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Dark Side (1989)      

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Shoot 'em Up



3.5" Floppy disk

Commodore Amiga

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Amstrad CPC
Atari ST
Commodore 64
Sinclair ZX Spectrum

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Your Reviews

Amiga/ST Format (Iss 12 Jun 1989)   4th Dec 2011 05:25
Almost 200 years have passed since the vents that took place in incentive’s previous release, Driller. Now the Ketars live on the moon Tricuspid which orbits your home planet of Evath.
On Tricuspid there has been built a huge weapon called Zephyr One (Did you know that Incentive are based at a place called Zephy One?) with which the Ketars intend to destroy Evath.
A massive amount of energy is required to fire the weapon and this is collected by a network of interconnected solar panels called ECDs (energy collecting devices). All you have to do is destroy the network and save the world.
To help you in your mission you hagve a jet pack, a laser and a force shield. Unfortunately fuel and shields are in limited supply and you must find a way to replenish them during the game.

In Driller, the pace of the game was very sedate and you had lots of time to do things, but Darkside is much faster paced. Initially the ECD network is charging at 100% and if you are going to stand a chance at all at completing the game you need to disable as much of the network as possible in the first few minutes of play. Disabling an ESD is not easy however, because you can only disable one if it is at a terminus. ECDs connected to more than one other ECD regenerate almost instantly.

The Ketars have not left the place unguarded though, they want Evath to be in lots of little pieces and so tanks, satellites and forcefields litter the planet. Forcefields deplete your energy if you hit them and shots from tanks and satellites do the same. Running out of fuel can be equally fatal when you are flying, because once gravity grabs hold of you it just won’t let go until you hit the ground and go splat.

Apart from disabling the ECDs and avoiding or destroying the Ketar forces there are other problems that you will face: collecting telepod crystals, finding hidden doors and activating switches to get to other sections of the moon.

In some sections of the planet there are sensors which deposit you in prison and the only way to get out again is by paying a fine. Inside the jail there are two letterbox-like objects, one takes fuel and the other shields when you shoot the slit. After enough shots have been fired the door will open and you can leave.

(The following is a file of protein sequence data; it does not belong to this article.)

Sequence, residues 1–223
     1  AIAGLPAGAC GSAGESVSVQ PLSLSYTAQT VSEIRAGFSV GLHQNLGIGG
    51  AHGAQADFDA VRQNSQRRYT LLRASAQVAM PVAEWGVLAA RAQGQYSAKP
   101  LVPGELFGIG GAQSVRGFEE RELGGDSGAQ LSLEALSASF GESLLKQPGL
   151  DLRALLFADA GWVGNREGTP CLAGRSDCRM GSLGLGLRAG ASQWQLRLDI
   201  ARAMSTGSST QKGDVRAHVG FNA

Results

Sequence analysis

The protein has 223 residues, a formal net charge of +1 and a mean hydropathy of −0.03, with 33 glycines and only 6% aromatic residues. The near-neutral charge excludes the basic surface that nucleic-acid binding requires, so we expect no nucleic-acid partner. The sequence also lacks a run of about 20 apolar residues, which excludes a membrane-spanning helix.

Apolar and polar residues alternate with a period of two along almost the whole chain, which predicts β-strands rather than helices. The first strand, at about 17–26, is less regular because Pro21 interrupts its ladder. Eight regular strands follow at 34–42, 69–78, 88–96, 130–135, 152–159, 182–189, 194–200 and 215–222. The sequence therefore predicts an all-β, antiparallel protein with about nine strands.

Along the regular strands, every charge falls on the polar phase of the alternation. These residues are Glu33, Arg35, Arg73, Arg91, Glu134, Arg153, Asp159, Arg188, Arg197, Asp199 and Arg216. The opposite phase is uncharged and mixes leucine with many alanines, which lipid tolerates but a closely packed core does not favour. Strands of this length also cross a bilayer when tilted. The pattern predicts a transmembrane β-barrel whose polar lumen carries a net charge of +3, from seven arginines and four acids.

Make sure you choose wisely because the only way out of the jail is by going through a trapdoor.
Gary Barrett

Amiga/ST Format, Issue 12, June 1989, p.p.88-89

The static graphics in Darkside are very similar to those in Driller; buildings made up of blocks of colour with extensive use of shading to help enhance the three-dimensional effect. There is more animation in Darkside though and more of the Ketar forces move around rather than just sitting there gathering pixels 9dust!). Sound is a vast improvement over Driller’s which was distinctly eight bit. There are not only some very very good sound effects, but also an atmospheric tune that goes on for ages before repeating.

Graphically, Freescape games have always suffered from a very boring block structure and there is no change here. However, challenging strategy elements certainly keep your mind off of problems in the effects department.
Darkside has the one thing that was lacking in Driller, some pressure to drive your forwards and make sure that you do not waste time. The problems are more logical in their solution and the fact that your opponents move around makes a more challenging and demanding game.

The team behind Driller and Darkside are Major Developments. The main emmebers of this infamous team are Ian (Dan Ayckroyd) Andrew, Chris (Freescape) Andrew, Sean Ellis, Wally (Hagar) Beben and Robin Chapman. All bracketed comments are found inside Darkside along with digitised pictures of some of the above. Ian does not want us to tell you how to find them though, you will have to do that for yourselves.
Ian came with the plot for the game and this brother Chris is responsible for designing the Freescape system. Sean Ellis programmed the 16-bit versions of Darkside and also wrote STAC, the ST adventure creator.
Hagar (we are not sure if that is Hagar the Horrible) composed the music, as he has done on countless other games and Robin Chapman is responsible for the graphics.
Next month will see the arrival of Total Eclipse and after that? Well you will just have to wait and see because the next game is not due for release until about this time next year.





TextFiles.com (Unknown)   19th Jun 2012 02:54

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This title was first added on 2nd October 2006
This title was most recently updated on 19th June 2012

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